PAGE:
Skip to content

Dr. Kantarcioglu and Team Receive Best Application Paper Award at PAKDD’16

This past April, Dr. Murat Kantarcioglu, UT Dallas computer science professor, and Director of the UT Dallas Data Security and Privacy Lab, and one of his team’s research scientists, Dr. Yan Zhou, received the acclaimed Best Application Paper Award from the 20th Pacific Asia Conference on Knowledge Discovery and Data Mining (PAKDD’16) for their research paper titled, “Modeling Adversarial Learning as Nested Stackelberg Games.”

Drs. Kantarcioglu and Zhou’s research paper explores ways of developing more robust data mining techniques suitable for cyber security applications. In their paper, Drs. Kantarcioglu and Zhou tackle the challenges of multiple types of adversaries with a nested Stackelberg game framework. The research presented in the paper demonstrates the effectiveness of their framework with extensive empirical results on both synthetic and real data sets. They also demonstrate that the nested game framework offers more reliable defense against multiple types of attackers.

Dr. Kantarcioglu explained the research done in his paper saying, “Over the last few years, as a part of recently completed Army Research Office project with co-Principal Investigators Dr. Bowei Xi from Purdue University and Dr. Bhavani Thuraisingham from UT Dallas, we focused on developing data mining techniques suitable for adversarial application domains such as cyber security, fraud detection, homeland security, and so on. In the past there has been some work, including ours, to develop resilient data mining models against adversarial attacks; all of the previous work considered one type of adversary (e.g., one type of hacker). However, in our award winning paper,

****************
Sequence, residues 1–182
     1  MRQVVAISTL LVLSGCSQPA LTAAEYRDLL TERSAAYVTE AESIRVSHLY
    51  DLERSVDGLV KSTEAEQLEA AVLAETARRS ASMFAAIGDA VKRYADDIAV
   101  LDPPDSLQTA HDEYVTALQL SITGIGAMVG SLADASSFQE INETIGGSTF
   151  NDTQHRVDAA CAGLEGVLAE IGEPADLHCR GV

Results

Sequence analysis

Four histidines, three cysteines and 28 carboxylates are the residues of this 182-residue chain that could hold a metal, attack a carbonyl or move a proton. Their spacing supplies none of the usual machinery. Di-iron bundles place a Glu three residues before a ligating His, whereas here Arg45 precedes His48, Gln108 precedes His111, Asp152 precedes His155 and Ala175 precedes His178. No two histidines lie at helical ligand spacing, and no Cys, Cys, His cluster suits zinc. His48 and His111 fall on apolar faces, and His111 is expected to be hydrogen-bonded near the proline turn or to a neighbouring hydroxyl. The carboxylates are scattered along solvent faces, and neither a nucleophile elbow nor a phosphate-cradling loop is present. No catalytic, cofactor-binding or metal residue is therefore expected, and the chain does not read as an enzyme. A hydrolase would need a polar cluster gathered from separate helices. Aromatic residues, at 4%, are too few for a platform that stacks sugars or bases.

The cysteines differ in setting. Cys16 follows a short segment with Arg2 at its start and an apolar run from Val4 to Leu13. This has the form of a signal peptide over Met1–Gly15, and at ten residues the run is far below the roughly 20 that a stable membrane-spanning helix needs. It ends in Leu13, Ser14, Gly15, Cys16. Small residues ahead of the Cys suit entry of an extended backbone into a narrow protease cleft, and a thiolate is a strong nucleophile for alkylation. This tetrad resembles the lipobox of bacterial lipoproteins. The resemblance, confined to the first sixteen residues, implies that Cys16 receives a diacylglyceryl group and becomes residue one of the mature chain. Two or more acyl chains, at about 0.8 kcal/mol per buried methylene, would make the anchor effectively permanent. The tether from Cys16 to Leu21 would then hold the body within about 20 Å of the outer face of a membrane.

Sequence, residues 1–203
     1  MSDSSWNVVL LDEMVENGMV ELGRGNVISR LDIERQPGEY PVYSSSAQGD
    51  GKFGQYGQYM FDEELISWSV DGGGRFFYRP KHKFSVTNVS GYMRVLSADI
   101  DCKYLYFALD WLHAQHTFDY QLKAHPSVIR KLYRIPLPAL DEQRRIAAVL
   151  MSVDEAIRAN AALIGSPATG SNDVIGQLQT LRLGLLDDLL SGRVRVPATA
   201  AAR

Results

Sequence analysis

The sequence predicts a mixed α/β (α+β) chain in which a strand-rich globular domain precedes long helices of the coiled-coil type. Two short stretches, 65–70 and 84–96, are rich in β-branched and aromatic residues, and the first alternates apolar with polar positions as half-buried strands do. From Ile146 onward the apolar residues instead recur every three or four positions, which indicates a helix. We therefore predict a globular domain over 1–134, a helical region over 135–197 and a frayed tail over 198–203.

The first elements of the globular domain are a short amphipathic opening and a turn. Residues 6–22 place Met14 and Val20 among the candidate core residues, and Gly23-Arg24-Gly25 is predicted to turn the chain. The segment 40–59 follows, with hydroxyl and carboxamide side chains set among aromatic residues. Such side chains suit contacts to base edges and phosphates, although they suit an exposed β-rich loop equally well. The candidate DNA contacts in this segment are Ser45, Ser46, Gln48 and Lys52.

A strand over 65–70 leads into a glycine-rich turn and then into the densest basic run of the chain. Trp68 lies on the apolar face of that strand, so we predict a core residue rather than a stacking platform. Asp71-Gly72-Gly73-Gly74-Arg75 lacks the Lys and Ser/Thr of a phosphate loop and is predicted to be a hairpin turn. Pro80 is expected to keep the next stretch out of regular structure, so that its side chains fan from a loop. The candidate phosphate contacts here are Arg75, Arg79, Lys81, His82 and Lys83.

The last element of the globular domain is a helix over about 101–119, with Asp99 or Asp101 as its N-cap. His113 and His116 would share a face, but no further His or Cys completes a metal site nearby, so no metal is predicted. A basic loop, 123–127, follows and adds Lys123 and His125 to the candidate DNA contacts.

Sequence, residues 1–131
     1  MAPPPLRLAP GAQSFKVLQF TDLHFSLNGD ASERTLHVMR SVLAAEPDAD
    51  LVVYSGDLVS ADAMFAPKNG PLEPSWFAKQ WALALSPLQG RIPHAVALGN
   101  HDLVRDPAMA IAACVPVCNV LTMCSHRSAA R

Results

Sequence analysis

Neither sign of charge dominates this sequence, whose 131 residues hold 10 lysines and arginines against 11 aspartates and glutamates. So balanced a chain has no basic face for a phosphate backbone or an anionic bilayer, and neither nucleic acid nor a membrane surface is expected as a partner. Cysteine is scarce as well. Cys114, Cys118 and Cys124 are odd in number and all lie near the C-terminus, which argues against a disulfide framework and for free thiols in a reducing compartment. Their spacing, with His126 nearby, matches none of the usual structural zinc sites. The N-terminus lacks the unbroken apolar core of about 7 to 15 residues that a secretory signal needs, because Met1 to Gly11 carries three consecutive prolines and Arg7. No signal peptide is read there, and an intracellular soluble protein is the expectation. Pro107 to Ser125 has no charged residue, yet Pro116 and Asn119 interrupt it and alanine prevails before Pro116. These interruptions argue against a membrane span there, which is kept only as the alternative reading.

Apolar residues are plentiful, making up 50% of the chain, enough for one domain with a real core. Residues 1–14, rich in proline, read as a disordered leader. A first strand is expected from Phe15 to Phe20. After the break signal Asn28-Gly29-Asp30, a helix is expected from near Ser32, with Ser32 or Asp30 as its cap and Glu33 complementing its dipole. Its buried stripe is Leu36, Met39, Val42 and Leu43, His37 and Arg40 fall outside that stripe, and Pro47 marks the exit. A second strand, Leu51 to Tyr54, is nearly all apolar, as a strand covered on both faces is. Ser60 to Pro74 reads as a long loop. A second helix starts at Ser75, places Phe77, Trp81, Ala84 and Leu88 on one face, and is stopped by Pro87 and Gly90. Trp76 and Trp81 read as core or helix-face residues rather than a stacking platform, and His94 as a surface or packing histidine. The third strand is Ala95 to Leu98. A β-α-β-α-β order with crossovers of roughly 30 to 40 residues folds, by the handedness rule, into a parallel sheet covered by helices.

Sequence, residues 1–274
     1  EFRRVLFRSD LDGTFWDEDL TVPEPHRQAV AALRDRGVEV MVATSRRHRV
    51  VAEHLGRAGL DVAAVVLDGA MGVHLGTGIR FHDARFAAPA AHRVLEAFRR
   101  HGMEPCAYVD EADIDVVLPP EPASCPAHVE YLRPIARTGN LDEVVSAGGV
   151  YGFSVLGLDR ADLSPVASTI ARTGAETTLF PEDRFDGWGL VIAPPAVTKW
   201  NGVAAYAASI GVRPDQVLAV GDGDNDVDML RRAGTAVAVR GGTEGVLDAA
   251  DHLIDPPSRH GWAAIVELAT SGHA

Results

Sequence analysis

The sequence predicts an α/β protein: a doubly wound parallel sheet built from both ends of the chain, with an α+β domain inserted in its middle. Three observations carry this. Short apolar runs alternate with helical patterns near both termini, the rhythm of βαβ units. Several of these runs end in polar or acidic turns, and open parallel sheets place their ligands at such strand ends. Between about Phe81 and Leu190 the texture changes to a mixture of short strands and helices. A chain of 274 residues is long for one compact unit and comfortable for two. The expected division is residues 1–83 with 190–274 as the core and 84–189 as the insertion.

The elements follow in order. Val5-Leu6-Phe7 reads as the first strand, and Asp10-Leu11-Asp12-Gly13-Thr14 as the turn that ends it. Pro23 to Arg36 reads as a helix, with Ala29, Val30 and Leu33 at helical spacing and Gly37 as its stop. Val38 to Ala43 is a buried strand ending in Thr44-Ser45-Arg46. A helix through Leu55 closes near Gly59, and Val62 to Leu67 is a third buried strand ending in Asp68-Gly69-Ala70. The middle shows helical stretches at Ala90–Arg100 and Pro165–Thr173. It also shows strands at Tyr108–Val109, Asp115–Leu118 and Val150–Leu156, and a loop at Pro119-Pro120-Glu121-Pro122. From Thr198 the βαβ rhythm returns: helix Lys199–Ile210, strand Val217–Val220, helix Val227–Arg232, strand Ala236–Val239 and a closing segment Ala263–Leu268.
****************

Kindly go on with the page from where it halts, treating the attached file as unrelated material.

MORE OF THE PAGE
Drs. Kantarcioglu and Zhou receiving the award for Best Application Paper at PAKDD'16.
Drs. Kantarcioglu and Zhou receiving the award for Best Application Paper at PAKDD’16.

we have developed a game theoretical data mining model that is resilient to multiple types of adversaries with different capabilities/tactics. We believe that such data mining techniques will enable us to build reliable, effective, and practical cyber security incident detection tools.” The paper has been published in the two-volume journal PAKDD 2016 Advances in Knowledge Discovery and Data Mining.

Dr. Kantarcioglu expressed his appreciation for the conference by saying, “PAKDD is one of the premier conferences in data mining research and this year was the 20th anniversary of the conference. We were delighted to see that our contributions in adversarial data mining was recognized with this significant award by the data mining community.”

The 20th PAKDD’16 conference took place this past April 19th to 22nd in the coastal city of Auckland, New Zealand. The Pacific-Asia Conference on Knowledge Discovery and Data Mining (PAKDD) is one of longest-established and leading international conferences in the areas of knowledge discovery and data mining (KDD). The conference provides an international forum for researchers, members of academia, and industry practitioners to share their new ideas, original research results and practical development experiences from all KDD-related areas, including data mining, data warehousing, machine learning, artificial intelligence, databases, statistics, knowledge engineering, visualization, decision-making systems and emerging applications.


ABOUT THE UT DALLAS COMPUTER SCIENCE DEPARTMENT

The UT Dallas Computer Science program is one of the largest Computer Science departments in the United States with over 1,600 bachelor’s-degree students, more than 1,100 master’s students, 160 PhD students, and 80 faculty members, as of Fall 2015. With The University of Texas at Dallas’ unique history of starting as a graduate institution first, the CS Department is built on a legacy of valuing innovative research and providing advanced training for software engineers and computer scientists.

CS Department Holds Its Biennial Retreat on Lake Ray Hubbard
Dr. Ryan McMahan, Virtual Reality Researcher and CS Professor Wins NSF Career Grant